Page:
Pop culture obsessives writing for the pop culture obsessed.

A killer box set, useful role-playing app, and Twitter account that makes poetry from data

Little Box Of Horrors box set

Little Box Of Horrors

Horror has a surfeit of great scores. Composers have turned in soundtracks to films that non-fans likely never even realize possess them. And for those of us who can hum the themes to various killers and iconic scenes from memory, the chance to treat our ears to these compositions apart from their source material can often be a difficult task to accomplish. Thankfully, Varèse Sarabande records—the most productive producers of film music worldwide—have taken it upon themselves to try and make a dent in the backlog of out-of-print masterworks and previously unreleased CD soundtracks with a great new collection.


Little Box Of Horrors is a 12-album assembly of some of horror’s more underappreciated scores, often to films not properly appreciated for containing the work of such talented composers. Howard Shore’s work on The Fly, Brad Fiedel’s score for The Serpent And The Rainbow, Marco Beltrami’s work on Mimic are all here, reissues saved from out-of-print oblivion. Additionally, there are first-time-on-CD scores like Charles Bernstein’s music for Deadly Friend and multiple never-before-released works, including Richard Stone’s Pumpkinhead score and Bob Cobert’s contribution to The Strange Case Of Dr. Jekyll And Mr. Hyde. It all comes with a 24-page booklet that delves into each composition, everything hidden away inside a retro black carrying case, making the whole thing feel like some long-lost musical samizdat treasure. It’s already lent the soundtrack to my life the kind of wonderfully eerie feel that my daily activities—like scrolling through images of cute baby goats—don’t deserve. [Alex McCown-Levy]

@censusAmericans Twitter account

Nate Silver and FiveThirtyEight have been finding beauty in data for nearly a decade now. Last summer, FiveThirtyEight’s Jia Zhang released a Twitter bot called censusAmericans, which spins strange, small-scale poetry out of census results. Zhang says that “the bot reconstitutes numbers and codes from the data into mini-narratives. Once an hour, it turns a row of data into a real person.” Especially now that the presidential election has cracked us wide open, it’s a reminder that our country—even as we stand together shocked and afraid—is made up of real people with real histories and problems. It’s easy to let your imagination wander based on these little tidbits of humanity underneath the statistics, like with this one:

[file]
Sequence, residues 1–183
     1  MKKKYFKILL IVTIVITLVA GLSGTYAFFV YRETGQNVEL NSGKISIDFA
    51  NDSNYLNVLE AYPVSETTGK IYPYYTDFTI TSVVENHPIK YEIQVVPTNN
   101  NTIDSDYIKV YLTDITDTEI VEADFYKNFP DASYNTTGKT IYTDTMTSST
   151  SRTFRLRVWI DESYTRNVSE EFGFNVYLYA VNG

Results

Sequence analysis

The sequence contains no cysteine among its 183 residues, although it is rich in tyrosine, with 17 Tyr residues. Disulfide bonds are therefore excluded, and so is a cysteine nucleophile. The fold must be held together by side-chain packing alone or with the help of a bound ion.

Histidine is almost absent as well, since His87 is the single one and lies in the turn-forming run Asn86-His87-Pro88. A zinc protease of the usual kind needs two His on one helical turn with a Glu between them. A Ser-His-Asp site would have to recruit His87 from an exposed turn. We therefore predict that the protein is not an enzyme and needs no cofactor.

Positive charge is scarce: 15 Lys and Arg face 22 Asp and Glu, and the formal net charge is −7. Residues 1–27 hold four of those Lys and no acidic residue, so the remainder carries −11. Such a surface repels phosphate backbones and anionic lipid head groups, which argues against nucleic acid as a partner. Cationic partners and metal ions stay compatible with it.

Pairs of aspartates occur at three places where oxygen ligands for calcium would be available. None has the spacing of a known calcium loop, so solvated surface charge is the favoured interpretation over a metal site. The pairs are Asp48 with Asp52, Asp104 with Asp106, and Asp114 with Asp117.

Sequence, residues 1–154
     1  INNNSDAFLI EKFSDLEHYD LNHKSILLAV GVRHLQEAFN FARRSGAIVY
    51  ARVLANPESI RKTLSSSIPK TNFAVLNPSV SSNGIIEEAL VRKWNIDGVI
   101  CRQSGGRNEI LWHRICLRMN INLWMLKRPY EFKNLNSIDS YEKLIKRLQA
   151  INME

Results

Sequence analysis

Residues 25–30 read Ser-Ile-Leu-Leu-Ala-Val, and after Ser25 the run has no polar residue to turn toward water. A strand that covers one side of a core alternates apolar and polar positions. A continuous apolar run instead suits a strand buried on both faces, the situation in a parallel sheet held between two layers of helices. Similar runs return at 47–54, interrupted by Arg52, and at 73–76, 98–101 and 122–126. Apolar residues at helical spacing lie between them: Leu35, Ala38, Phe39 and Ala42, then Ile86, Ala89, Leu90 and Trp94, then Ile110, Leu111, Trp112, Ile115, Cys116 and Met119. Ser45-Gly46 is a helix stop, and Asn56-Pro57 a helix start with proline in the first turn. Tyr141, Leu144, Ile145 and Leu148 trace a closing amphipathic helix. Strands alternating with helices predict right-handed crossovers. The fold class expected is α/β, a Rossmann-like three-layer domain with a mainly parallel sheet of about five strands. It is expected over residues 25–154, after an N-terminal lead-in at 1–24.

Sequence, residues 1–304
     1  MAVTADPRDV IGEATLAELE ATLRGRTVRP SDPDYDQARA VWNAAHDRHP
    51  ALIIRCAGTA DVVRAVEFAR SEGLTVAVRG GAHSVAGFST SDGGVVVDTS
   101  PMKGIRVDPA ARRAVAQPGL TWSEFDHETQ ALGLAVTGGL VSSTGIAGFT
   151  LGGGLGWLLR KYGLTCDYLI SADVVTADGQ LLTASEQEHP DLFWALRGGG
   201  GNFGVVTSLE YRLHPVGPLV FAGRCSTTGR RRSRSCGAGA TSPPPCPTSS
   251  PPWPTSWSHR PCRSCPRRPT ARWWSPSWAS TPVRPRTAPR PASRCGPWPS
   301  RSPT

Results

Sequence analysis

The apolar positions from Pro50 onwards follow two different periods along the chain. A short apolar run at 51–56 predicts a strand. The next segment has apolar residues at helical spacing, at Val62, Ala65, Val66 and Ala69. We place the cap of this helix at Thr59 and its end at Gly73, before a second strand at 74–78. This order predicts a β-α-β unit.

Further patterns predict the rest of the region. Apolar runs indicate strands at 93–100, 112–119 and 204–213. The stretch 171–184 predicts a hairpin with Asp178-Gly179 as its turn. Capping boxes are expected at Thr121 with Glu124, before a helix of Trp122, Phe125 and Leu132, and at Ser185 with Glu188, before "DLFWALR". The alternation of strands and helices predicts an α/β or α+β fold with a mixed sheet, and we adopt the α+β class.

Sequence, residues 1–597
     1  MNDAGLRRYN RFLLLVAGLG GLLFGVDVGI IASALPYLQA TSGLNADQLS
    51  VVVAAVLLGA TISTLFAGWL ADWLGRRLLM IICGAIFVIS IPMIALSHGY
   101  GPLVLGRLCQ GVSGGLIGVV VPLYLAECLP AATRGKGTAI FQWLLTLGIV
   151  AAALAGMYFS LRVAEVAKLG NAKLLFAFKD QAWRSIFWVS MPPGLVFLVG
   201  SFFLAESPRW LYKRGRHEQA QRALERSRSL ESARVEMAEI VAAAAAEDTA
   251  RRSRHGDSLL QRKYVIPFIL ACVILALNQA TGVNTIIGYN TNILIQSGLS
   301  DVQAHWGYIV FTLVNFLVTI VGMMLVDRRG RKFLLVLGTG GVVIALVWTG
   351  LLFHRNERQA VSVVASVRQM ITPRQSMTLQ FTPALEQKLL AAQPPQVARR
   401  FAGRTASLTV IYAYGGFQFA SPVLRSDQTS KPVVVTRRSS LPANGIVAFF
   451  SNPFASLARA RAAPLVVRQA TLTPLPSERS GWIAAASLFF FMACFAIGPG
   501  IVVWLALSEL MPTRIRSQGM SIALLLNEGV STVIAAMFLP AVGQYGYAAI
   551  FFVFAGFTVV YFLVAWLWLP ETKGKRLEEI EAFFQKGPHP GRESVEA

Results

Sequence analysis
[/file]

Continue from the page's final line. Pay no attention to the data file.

I got married last year. I was laid off from work. Usually work 70hrs per week. I get to work around 4:50am. I moved last year.

— censusAmericans (@censusAmericans) November 18, 2016

And maybe this account will make you feel kinder toward Nate Silver again. [Laura M. Browning]


Pathfinder role-playing app

Were this an infomercial, I’d show a grainy black-and-white video of some hapless nerd struggling to carry a massive stack of roleplaying books before, in a fit of klutziness brought on by the existential inconvenience of modern life, he trips and, flailing wildly, spills books everywhere. Friend, what if I told you there’s no need to break your back lugging all those books around, when the entire Pathfinder role-playing system lives at your fingertips with the PFRPG rd app?

Image: Nick Wanserski

Pathfinder is an incredibly popular offshoot of Dungeons & Dragons created under Wizards Of The Coast’s Open Games License. The terms of the license basically mean you can design and sell anything you like with the rule set, as long as a bunch of it is also available for free. The Pathfinder rules are all available online, so enterprising PFRPG app creator Lanza Giuseppe plugged all of it into an app. It has so much content that it’s silly: the core books, supplements, and searchable indexes for spells, monsters, and magic items.


Infomercial shtick aside, the trade-off of an app over the books is obvious. The interface is functional, but as minimal as can be. There aren’t any illustrations or clever layouts, and it lacks the tactile quality of a book that’s so enjoyable for just idly flipping through and thinking up ideas. It’s a tool; handy while running a game, but not one that you’ll be curling up by a fire with. What the PFRPG rd app lacks in warmth, it makes up for in sheer usefulness: All the collected material you could ever need to run a robust Pathfinder campaign for half the cost of the six-pack you drink during an evening gaming with your friends. [Nick Wanserski]

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